R. Kelly is facing a reckoning after allegedly abusing Black girls and women for more than two decades. Thanks to Lifetime’s Surviving R. Kelly docuseries, the ongoing #MuteRKelly campaign, and the ceaseless activism of a number of Black organizers, Kelly is facing 10 charges of felony aggravated criminal sex abuse. There are few people who have been as integral to Kelly being charged as Jim DeRogatis, who has been reporting on Kelly’s alleged crimes since 2000. Since DeRogatis received an anonymous fax at the Chicago Sun-Times saying that Kelly had a problem with “young girls,” he has doggedly pursued the story—even as the music industry continued supporting Kelly. Soulless is DeRogatis’s compelling account of working for more than two decades to get the music industry to care about Kelly’s victims.
Samra Habib learned from an early age that revealing her identity could put her in danger. As an Ahmadi Muslim child living in Pakistan as the government targeted her religious sect, her parents instilled in her the importance of hiding in plain sight. When Habib and her family emigrated to Canada, she silently endured bullying, racism, and an arranged marriage because assimilation was more important than being honest about her sexuality, her experiences in school, and her unhappiness. We Have Always Been Here is an exquisite memoir about Habib’s long journey toward reclamation in a Western world intent on keeping her—and other women—silent and obedient.
Since 2010, Kevin Allred has been teaching “Politicizing Beyoncé,” a popular college course that examines the relationship between Beyoncé’s albums, videos, and overall artistry and Black feminism. Ain’t I a Diva delves into Allred’s process for creating the class—from how he chose the songs, videos, and Black feminist texts to his philosophy around teaching pop stars in college classrooms. Allred makes the age-old case that pop culture is inherently political, and can be a gateway for students who might otherwise be disengaged.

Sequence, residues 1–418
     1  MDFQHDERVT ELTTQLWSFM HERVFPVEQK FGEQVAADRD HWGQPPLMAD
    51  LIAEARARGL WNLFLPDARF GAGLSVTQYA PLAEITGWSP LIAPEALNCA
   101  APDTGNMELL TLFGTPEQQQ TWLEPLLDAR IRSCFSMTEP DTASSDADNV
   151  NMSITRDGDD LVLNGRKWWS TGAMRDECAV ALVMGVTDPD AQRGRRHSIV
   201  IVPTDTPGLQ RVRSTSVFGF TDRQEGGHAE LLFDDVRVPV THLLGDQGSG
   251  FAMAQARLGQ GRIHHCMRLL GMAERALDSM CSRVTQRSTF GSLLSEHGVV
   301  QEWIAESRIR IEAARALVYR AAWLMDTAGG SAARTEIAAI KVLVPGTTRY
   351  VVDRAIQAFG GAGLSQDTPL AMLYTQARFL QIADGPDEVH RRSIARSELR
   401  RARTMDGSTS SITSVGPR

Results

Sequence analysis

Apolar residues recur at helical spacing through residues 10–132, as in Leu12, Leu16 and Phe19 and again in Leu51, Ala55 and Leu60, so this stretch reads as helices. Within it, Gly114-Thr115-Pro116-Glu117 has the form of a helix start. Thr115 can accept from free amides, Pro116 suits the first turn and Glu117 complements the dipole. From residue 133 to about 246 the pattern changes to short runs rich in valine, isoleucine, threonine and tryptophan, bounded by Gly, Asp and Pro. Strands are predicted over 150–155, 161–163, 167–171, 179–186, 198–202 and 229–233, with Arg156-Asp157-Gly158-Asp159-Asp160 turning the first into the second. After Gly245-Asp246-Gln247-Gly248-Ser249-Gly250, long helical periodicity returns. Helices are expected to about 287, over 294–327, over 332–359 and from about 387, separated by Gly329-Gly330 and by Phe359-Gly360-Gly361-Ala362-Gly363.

Lawyer, writer, and cultural historian Linda Hirshman is a master of turning landmark legal cases and figures into compelling books. Her amazing 2012 book, Victory: The Triumphant Gay Revolution, delved into the long legal fight for marriage equality, while her bestselling 2015 book, Sisters in Law: How Sandra Day O’Connor and Ruth Bader Ginsburg Went to the Supreme Court and Changed the World, is a fascinating look at the friendship and alliance between the two women who transformed America’s most important court. Reckoning, like her other books, is an enlightening look at the women who forged through legal, political, and cultural obstacles to force Congress and their employers to take workplace harassment seriously.
Dr. Tanisha C. Ford, an Africana Studies and History professor at the University of Delaware, loves fashion. Her first book, 2015’s Liberated Threads: Black Women, Style, and the Global Politics of Soul, delved into Black women’s use of fashion as a tool of resistance during the Civil Rights Movement of the ’60s, the Black Power Movement of the ’70s, and the anti-apartheid movement of the ’80s. Dressed in Dreams, however, isn’t an academic text. Instead, the entertaining book combines Ford’s personal history with fashion—from rocking bamboo earrings to wearing baggy jeans—with her extensive knowledge of fashion history to examine how she and other Black women come into their own.
There are few critics who are as insightful and entertaining to read as the New Yorker’s Emily Nussbaum. It really doesn’t matter what television show she’s writing about; I always know that her observations will make me think more critically about what I’m consuming and why. I Like to Watch is a collection of some of the Pulitzer Prize-winning critic’s best work, including her musings about Buffy the Vampire Slayer and the ways that sexual violence onscreen influences our real-life behavior toward one another. It also includes a never-before-published essay about reconciling our love for someone’s work with the monstrous accusations leveled against them.